Forum for Science, Industry and Business

Sponsored by:     3M 
Search our Site:

 

Penn-Led Team to Look to Distant Galaxies with Balloon-Borne Telescope

13.06.2005


An international team of researchers, led by astronomers at the University of Pennsylvania, has launched the most highly sensitive telescope of its kind to be carried by balloon. The Balloon-borne Large Aperture Sub-millimeter Telescope or BLAST will take a five to nine-day journey along the upper reaches of Earth’s atmosphere. BLAST will collect images of objects in our solar system as well as the distant light that details the formation of stars and the evolution of whole galaxies.

The balloon launched on June 11th from the Swedish Space Corporation facility in Kiruna, Sweden and follow the atmospheric currents toward Canada where it will be recovered.

Suspended by a massive (37 million cubic foot) unmanned helium balloon, the BLAST will float 126,000 feet up, to the edge of space -- past the pollution and atmospheric conditions that hamper the abilities of even the best Earthbound telescopes. When fully inflated, the balloon would fill a football stadium.



"While BLAST won’t become a permanent fixture in the sky, balloon-based astronomy offers many of the perks of space-based telescopes at a fraction of the cost of actually putting a telescope in orbit and maintaining it," said Mark Devlin, principle investigator for the BLAST project and associate professor in Penn’s Department of Physics and Astronomy.

The telescope’s mirror measures two meters (6.5 feet) in diameter and will be capable of surveying a patch of sky about four times the size of the moon to look for faint stellar objects. The entire telescope weighs 2000 kilograms (about 4400 pounds).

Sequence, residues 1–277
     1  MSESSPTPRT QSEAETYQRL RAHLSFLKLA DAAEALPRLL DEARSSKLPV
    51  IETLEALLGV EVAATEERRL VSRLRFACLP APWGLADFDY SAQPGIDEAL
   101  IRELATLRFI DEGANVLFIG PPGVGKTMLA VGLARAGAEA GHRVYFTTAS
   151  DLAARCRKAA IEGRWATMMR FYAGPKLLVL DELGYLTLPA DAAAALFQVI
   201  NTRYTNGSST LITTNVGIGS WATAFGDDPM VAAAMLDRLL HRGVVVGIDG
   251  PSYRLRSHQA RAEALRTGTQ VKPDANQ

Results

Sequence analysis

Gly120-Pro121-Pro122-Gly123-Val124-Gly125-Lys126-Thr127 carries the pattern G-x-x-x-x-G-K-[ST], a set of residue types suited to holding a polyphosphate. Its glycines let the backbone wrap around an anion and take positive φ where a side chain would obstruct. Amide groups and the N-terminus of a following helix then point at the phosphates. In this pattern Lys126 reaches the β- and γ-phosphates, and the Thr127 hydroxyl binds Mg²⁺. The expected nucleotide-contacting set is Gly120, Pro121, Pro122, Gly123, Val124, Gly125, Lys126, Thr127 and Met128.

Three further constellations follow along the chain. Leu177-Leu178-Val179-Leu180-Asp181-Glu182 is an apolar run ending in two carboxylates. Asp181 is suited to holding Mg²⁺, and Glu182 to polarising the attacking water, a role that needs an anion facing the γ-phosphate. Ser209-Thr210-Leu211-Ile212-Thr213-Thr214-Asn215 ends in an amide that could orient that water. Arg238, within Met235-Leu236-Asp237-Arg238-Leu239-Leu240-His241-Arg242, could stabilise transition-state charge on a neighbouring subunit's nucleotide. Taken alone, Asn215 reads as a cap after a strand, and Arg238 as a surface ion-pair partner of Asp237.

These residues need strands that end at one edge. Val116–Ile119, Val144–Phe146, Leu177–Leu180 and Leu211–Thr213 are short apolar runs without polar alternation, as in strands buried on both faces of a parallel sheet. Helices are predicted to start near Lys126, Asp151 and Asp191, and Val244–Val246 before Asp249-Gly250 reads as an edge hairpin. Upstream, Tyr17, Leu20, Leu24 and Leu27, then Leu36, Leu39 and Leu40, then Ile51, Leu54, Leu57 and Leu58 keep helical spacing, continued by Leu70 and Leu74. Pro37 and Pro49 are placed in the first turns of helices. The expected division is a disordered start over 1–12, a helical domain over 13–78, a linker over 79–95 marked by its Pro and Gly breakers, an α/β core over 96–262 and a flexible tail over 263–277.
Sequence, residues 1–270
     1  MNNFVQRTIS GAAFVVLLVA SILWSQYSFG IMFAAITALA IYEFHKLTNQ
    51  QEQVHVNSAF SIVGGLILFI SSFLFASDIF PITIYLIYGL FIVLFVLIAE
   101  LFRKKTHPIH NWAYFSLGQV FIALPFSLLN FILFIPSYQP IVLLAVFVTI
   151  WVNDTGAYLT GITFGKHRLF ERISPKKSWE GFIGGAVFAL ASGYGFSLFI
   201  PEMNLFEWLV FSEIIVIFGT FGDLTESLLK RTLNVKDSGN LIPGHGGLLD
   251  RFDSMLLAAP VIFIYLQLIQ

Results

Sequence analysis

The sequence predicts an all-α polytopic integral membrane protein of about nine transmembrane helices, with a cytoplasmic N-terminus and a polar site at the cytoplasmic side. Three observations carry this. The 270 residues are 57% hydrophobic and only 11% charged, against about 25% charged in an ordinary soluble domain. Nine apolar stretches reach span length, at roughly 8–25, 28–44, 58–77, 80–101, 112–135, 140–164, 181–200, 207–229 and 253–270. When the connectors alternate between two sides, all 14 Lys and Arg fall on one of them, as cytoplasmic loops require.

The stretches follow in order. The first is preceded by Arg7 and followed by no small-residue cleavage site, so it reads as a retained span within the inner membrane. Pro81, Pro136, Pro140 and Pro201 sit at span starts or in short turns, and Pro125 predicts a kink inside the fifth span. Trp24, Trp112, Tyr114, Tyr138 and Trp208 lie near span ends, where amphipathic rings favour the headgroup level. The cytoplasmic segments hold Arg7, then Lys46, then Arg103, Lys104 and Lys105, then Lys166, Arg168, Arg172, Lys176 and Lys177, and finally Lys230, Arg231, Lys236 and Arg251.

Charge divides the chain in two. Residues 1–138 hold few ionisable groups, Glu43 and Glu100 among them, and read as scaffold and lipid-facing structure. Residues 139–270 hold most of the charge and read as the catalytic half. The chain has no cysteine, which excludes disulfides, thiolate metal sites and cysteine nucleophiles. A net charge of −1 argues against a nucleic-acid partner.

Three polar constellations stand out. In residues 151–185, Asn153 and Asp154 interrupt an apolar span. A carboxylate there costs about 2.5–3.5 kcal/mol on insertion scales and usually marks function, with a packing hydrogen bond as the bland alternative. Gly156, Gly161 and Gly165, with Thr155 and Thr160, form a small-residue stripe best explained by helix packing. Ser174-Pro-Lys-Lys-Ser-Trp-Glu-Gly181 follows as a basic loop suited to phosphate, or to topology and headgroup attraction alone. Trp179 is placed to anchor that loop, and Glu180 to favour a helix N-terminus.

On board, 260 detectors, about 20 times as many ever used on a balloon telescope flight, will convert photons from the observed objects into heat. A rise in temperature would thereby measure the number of photons from galaxies formed 5 to 12 billion years ago, when the universe was one-tenth its current age. The detectors will capture light at three separate wavelengths. By measuring the number of photons at each wavelength of light from an object, the astronomers could determine how far away the object is as well as its luminosity.

The goal of the project is to conduct a series of experiments to help accurately theories of the formation of stars within our own galaxy as well as the formation of other galaxies. Chief among those is a series of extra-galactic surveys to identify the distant galaxies responsible for producing the background levels of light and radiation that we see throughout the Universe. In addition, BLAST will survey the molecular clouds associated with the earliest stages of star formation. Closer to home, BLAST will observe features of our own Solar System including planets, and large asteroids.